Catholic Funeral

With faith, hope, and love and the Catholic belief in the resurrection promised through Jesus Christ, Catholic funerals are when the Church seeks firstly to offer the Mass for the benefit of the soul of the deceased.

The Catholic Funeral Service

The Catholic Church offers distinct occasions for common prayer at the time of funerals. The Order of Christian Funerals contains three clusters of Rites:

  • The Vigil - a time to eulogize the deceased and pay any fraternal or civil tributes.
  • The Funeral Liturgy, and Final Commendation and Farewell - a Mass or liturgy in commemoration for the deceased.
  • The Rite of Committal - prayer and blessing of the body and final resting place.

Consultation with your priest or parish minister can help determine your funeral selections.


The Rite of Committal is the Catholic interment service, at which the body is finally buried or interred. The Rite of Committal may take place at a gravesite, mausoleum crypt or tomb, or columbarium (in the event that the body was cremated). Family and friends gather together with a priest or deacon to pray over the body one last time. In order to make the burial or interment site a sacred place for the deceased, the priest or deacon will bless the place before the body or remains are placed inside. After the site has been blessed, the body or remains will be committed to the earth. The priest or deacon will then recite more prayers, and then everyone will join in to say the Lord's Prayer.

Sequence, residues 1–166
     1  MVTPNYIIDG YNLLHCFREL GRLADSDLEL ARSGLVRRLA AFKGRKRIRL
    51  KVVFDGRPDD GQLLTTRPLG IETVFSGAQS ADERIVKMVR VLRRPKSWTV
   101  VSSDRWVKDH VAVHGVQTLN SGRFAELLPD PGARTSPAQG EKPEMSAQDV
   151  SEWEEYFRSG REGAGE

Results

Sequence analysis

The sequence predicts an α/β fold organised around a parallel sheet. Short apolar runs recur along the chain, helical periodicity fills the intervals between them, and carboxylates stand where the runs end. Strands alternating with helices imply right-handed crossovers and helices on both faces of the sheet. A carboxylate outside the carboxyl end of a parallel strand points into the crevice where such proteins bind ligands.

Where to Hold a Catholic Funeral

Catholic funerals may be held in your Catholic parish, though they may also be held in the approved chapels of Catholic assisted living or care facilities. No Mass can be held at the cemetery or funeral home.

Specific Catholic Funeral Arrangements

Throughout the service, no matter who is leading, laypeople may participate as readers, musicians, pallbearers, ushers, and in other usual roles. The music played at the Funeral Mass should be appropriate church music; popular or non-religious music is not appropriate. However, the family of the person who died may coordinate with the priest to have special or especially meaningful hymns, psalms, or readings included in the Mass.